Posts Tagged ‘Adidas Eyewear’

Fashion Eyewear: Adidas Eyewear

Tuesday, September 21st, 2010

Much like their counterparts in the athletic shoe, equipment and apparel arenas, sport eyewear companies have negotiated arrangements with professional and Olympic athletes and teams. In exchange for complimentary eyewear and other support activities, the manufacturers have the right to use the “endorsements” of the sports celebrities in any marketing and advertising materials. The result, of course, is instant credibility among consumers.

Whether it’s basketball in a nearby playground, softball in a local park, skiing in the Colorado Rockies or biking the back-mountain trails of Utah, there is truly no way to accurately comprehend the elements, environments and experiences of sport without actually being there.
  “You can test these products thoroughly in the factory, but you won’t know that the temples pinch a little bit behind the ear until you get the eyewear on a living, breathing athlete,” notes Adidas? Walker.
  “That’s why we get the athletes involved in product development and why we get their comments on how and why our products work in all of our promotional materials.”
    At certain companies, athletes are actually directly involved in product development. Melissa Walker, marketing and promotions manager at Adidas (a division of Silhouette Optical), says the company’s stable of athletes is literally its “initial testing ground.” The athletes are interviewed about what they need and want from sports eyewear and the Adidas R&D team “goes to the drawing board to design eyewear based on those specs.” Walker adds that the company credits many of the marathon runners they sponsor with helping to develop its Gazzle collection. Similarly, companies such as Revo (race car driver Scott Pruett helped design the Icon) and Rudy Project (cyclist Jan Ullrich and world champion cross-country skier Stefania Belmondo were involved in the development of Noosa) say professional athletes have been instrumental in the design process.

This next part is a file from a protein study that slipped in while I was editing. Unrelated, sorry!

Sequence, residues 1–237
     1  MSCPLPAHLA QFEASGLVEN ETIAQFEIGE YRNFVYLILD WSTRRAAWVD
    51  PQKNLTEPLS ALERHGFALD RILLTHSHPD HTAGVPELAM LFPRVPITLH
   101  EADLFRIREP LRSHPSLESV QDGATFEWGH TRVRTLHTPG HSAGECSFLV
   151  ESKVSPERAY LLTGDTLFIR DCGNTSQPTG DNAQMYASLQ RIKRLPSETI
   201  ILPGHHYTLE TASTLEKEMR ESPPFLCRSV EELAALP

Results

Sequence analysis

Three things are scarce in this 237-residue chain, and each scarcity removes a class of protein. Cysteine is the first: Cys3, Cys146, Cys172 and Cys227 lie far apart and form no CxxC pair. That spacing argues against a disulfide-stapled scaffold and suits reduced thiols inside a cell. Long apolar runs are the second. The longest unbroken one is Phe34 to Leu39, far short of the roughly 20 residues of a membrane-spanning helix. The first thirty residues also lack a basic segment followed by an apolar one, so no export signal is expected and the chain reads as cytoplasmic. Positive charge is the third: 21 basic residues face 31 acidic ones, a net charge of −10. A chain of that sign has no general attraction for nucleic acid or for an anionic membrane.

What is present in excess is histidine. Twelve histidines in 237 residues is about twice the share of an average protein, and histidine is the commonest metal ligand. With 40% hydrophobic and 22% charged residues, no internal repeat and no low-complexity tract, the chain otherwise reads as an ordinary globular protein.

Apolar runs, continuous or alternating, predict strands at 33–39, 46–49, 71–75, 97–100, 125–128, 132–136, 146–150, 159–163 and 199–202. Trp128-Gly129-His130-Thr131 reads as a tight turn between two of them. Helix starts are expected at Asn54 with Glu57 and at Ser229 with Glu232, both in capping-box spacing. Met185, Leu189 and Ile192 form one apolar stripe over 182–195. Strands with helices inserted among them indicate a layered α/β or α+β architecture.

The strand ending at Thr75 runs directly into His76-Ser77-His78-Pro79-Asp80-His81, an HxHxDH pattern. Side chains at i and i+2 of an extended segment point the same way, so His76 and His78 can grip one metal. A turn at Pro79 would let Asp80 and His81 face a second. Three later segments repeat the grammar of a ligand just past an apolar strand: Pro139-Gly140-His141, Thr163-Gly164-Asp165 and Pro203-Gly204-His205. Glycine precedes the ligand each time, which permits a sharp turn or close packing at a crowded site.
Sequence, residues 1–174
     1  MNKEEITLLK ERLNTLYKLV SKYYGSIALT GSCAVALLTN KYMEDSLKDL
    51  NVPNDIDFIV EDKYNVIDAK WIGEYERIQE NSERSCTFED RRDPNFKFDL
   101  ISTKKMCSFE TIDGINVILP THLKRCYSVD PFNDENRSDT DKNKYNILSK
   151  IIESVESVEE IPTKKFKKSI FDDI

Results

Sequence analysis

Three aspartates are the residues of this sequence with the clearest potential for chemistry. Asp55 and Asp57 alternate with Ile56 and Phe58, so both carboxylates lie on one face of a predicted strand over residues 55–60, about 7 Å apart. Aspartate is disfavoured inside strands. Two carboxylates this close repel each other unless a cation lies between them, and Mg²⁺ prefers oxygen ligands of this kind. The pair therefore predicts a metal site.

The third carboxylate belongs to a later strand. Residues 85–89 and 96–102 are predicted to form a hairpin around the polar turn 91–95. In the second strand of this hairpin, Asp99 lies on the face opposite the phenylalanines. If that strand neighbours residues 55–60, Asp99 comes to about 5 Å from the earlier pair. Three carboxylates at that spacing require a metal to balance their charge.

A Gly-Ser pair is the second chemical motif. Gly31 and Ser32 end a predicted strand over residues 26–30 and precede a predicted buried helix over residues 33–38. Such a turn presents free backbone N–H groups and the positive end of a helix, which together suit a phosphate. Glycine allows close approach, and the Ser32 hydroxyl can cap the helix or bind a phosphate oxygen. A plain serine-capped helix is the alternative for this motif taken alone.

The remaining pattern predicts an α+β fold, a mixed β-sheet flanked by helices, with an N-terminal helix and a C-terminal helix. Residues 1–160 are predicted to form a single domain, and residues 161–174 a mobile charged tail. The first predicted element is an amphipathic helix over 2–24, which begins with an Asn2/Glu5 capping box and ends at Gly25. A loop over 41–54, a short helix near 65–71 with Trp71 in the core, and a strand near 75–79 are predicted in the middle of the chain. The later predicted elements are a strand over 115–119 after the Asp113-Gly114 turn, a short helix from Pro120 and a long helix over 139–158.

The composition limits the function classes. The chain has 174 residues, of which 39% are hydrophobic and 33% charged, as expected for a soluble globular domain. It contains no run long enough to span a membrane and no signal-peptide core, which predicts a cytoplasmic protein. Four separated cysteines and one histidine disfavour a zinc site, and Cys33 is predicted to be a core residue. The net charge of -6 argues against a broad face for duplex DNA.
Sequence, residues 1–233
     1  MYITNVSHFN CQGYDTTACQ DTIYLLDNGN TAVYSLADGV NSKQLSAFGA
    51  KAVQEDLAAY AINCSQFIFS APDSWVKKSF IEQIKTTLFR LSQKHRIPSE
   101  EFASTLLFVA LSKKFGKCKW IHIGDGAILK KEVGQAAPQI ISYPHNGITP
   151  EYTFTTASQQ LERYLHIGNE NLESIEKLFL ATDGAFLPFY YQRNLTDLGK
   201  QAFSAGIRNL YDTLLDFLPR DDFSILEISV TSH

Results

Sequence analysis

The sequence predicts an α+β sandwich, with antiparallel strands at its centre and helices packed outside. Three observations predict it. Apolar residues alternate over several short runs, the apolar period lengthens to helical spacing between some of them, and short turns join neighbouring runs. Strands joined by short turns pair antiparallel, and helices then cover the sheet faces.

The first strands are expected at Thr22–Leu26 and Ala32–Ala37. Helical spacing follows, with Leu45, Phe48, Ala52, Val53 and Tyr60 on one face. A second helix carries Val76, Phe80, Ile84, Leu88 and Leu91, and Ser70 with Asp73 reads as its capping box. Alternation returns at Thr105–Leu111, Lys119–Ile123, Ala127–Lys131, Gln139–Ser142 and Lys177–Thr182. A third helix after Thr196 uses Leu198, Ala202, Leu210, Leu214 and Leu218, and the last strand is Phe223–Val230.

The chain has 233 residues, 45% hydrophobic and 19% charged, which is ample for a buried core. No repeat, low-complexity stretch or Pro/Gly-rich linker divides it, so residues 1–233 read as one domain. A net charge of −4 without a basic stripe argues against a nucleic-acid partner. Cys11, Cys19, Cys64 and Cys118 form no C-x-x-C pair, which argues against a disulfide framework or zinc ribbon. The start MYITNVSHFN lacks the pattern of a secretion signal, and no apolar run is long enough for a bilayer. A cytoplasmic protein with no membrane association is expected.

Manufacturers also test the impact resistance of their lens products by hurling objects at the proprietary lens surface from a variety of angles and distances to see how it holds up. (They also launch projectiles at various parts of the frame to measure material durability.) Design people have been known to intentionally sit on and/or step on finished prototypes to ensure survival in a variety of “accidents.”Despite all of these activities, however, most manufacturers are quick to point out that nothing matches the real-world examination of a professional athlete.

As sports eyewear wearers become more tech savvy and concerned about performance, the more vital the trials and “testimonials” of these athletes will become to both the manufacturers and dispensers selling the products.